I’m studying for my English class and need an explanation.
One original post of 300 to 500 words must be completed by 11:59 pm on Thursday, 6/25/20.
for this post I’d like you to consider identity is Sandra Cisneros’ House on Mango Street. What issues of identity are explored in HOMS, through the character Esperanza or others? While Esperanza is the main character, a lot of the novel’s focus is on others living on Mango Street– what is the impact of focusing on those who make up the community around Esperanza? Is the perspective omniscient, limited to her world view, or somewhere in-between? What is the impact of that? What features of Esperanza’s identity does Cisneros seem to present as the most important? How specifically is that importance emphasized (through form, language, scenarios– what details within them all?)? What other themes or concepts begin to appear alongside the development of Esperanza’s identity, and how do they relate to/directly impact/complicate the basic issues of adolescence being discussed? What seems to be Cisneros’ overall goal with her story? Who is her audience? How do we know? What new aspects does the form of the “vignette” (the short, poetic, seemingly disconnected chapters) bring to the conversation? What is she trying to convey in telling this story, about identity or otherwise, and how is that made clear to the reader? You’ll notice these questions are the same as last week’s discussion. Persepolis and HOMS are exploring the same central idea– the formation of identity in a challenging cultural environment. However, the way they do so, the reason for doing so, and the result/impact each text has is vastly different. So, I pose the same questions as the last discussion, but after posting for this week it may help you to compare your analysis of this text to that of Persepolis– this could reveal some new and interesting insights about the effects of each text.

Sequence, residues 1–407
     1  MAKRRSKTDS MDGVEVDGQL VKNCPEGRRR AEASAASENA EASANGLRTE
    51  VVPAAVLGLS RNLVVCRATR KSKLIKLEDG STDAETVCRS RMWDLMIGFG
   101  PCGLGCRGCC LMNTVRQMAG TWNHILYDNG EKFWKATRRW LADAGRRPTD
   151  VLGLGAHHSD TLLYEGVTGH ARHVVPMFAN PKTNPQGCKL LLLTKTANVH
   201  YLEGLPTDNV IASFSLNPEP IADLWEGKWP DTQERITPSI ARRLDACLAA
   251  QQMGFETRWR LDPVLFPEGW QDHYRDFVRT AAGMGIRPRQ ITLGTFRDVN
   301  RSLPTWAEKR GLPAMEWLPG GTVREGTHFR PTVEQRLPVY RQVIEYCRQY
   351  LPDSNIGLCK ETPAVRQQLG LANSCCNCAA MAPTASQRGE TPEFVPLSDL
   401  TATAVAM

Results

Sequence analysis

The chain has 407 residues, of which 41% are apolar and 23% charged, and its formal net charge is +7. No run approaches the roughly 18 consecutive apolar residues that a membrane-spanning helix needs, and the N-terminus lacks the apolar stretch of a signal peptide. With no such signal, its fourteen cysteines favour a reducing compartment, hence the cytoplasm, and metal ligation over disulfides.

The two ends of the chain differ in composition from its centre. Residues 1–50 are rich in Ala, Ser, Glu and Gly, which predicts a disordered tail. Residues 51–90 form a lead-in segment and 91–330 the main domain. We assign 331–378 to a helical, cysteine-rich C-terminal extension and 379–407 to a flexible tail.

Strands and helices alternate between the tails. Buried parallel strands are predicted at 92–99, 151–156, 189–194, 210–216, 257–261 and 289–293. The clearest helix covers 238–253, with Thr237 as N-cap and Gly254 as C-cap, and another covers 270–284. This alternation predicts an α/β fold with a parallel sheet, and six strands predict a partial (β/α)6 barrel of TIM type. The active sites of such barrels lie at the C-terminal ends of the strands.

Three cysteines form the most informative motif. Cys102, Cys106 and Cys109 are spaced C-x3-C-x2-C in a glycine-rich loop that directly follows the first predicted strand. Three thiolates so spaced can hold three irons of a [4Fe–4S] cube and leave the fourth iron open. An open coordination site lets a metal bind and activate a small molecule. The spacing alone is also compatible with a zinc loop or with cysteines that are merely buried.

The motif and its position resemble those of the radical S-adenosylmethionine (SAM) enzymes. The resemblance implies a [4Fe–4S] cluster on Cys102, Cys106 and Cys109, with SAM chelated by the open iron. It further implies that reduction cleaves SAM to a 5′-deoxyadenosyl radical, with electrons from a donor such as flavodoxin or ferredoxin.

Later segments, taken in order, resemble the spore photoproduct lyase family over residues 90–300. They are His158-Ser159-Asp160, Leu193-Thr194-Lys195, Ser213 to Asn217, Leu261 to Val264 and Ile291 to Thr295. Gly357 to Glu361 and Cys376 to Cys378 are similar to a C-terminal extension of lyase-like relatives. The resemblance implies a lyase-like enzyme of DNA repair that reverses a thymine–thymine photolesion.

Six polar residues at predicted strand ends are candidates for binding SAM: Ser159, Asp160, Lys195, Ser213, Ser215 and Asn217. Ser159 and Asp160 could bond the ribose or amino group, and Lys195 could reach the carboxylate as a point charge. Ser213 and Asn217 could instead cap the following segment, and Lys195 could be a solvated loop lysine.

Besides reflecting on the novel alone, try to bring in the ideas from our Gee readings this week as well. Gee presents an interesting way of examining identity in his essays. It is not necessarily a new concept, but a new way at looking at an old concept to better expose important issues for conversation. The categorization of identity can be limiting, but it can also help to contextualize and break down a rather abstract concept. How can Gee’s concepts be applied to HOMS? How does Cisneros’ argument in her novel relate to Gee’s observations regarding the systematic influences on identity? How might Cisneros’ story support Gee’s theories? Are there ways in which the two differ? How can Gee’s article help us better understand the character of Esperanza, the influences on her identity that Cisneros highlights, and the argument that Cisneros is making through her?
As with all of these posts, you may also pull in additional discussion regarding the text overall: it may be an aspect of the reading that you found most interesting, an aspect of the reading you don’t understand, a close reading of a specific section, a connection to other readings or things outside of the class that you feel relate, a questions that the text left unanswered, a disagreement with the text, etc. You should be writing to the directions above, but you may add on as you please, my main goal being that you are thinking critically about what you read.
For all discussion posts, I do ask that you cite directly (and properly, in MLA) from the text to support your claims.